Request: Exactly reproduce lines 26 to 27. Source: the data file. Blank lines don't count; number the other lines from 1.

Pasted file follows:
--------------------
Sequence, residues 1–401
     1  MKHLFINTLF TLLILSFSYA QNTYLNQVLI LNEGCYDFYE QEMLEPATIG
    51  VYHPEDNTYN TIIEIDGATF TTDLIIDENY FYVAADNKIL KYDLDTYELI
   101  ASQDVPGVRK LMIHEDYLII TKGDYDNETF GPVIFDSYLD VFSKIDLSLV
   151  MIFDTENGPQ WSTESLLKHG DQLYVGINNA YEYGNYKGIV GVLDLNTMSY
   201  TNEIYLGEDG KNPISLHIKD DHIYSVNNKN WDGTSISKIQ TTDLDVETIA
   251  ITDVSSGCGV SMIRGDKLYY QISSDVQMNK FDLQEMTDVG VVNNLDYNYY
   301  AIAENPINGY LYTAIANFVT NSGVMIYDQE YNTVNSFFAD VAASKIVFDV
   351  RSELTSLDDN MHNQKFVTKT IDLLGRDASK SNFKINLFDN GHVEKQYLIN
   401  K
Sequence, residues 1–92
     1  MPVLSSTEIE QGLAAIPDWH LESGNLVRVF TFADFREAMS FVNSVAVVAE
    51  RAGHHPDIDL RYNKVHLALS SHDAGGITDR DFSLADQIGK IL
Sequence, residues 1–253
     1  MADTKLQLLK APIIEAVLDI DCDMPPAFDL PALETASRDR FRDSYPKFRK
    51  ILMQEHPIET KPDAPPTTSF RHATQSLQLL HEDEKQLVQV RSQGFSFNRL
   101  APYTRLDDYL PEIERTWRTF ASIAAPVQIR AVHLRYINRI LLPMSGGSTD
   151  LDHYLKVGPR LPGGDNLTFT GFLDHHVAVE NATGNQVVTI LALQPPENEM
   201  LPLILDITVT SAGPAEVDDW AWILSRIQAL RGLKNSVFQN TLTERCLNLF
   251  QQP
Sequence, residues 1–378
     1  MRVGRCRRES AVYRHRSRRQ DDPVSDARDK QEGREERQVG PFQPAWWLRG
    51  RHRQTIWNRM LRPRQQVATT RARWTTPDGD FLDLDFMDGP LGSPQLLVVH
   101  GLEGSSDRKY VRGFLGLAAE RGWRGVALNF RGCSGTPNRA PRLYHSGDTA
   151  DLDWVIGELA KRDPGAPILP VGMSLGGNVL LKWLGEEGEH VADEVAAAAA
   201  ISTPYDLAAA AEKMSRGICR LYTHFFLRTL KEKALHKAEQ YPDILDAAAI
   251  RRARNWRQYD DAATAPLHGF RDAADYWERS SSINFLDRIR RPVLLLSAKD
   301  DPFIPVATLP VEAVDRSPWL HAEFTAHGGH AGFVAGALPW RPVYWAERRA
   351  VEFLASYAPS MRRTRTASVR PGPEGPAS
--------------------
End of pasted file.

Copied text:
   201  ISTPYDLAAA AEKMSRGICR LYTHFFLRTL KEKALHKAEQ YPDILDAAAI
   251  RRARNWRQYD DAATAPLHGF RDAADYWERS SSINFLDRIR RPVLLLSAKD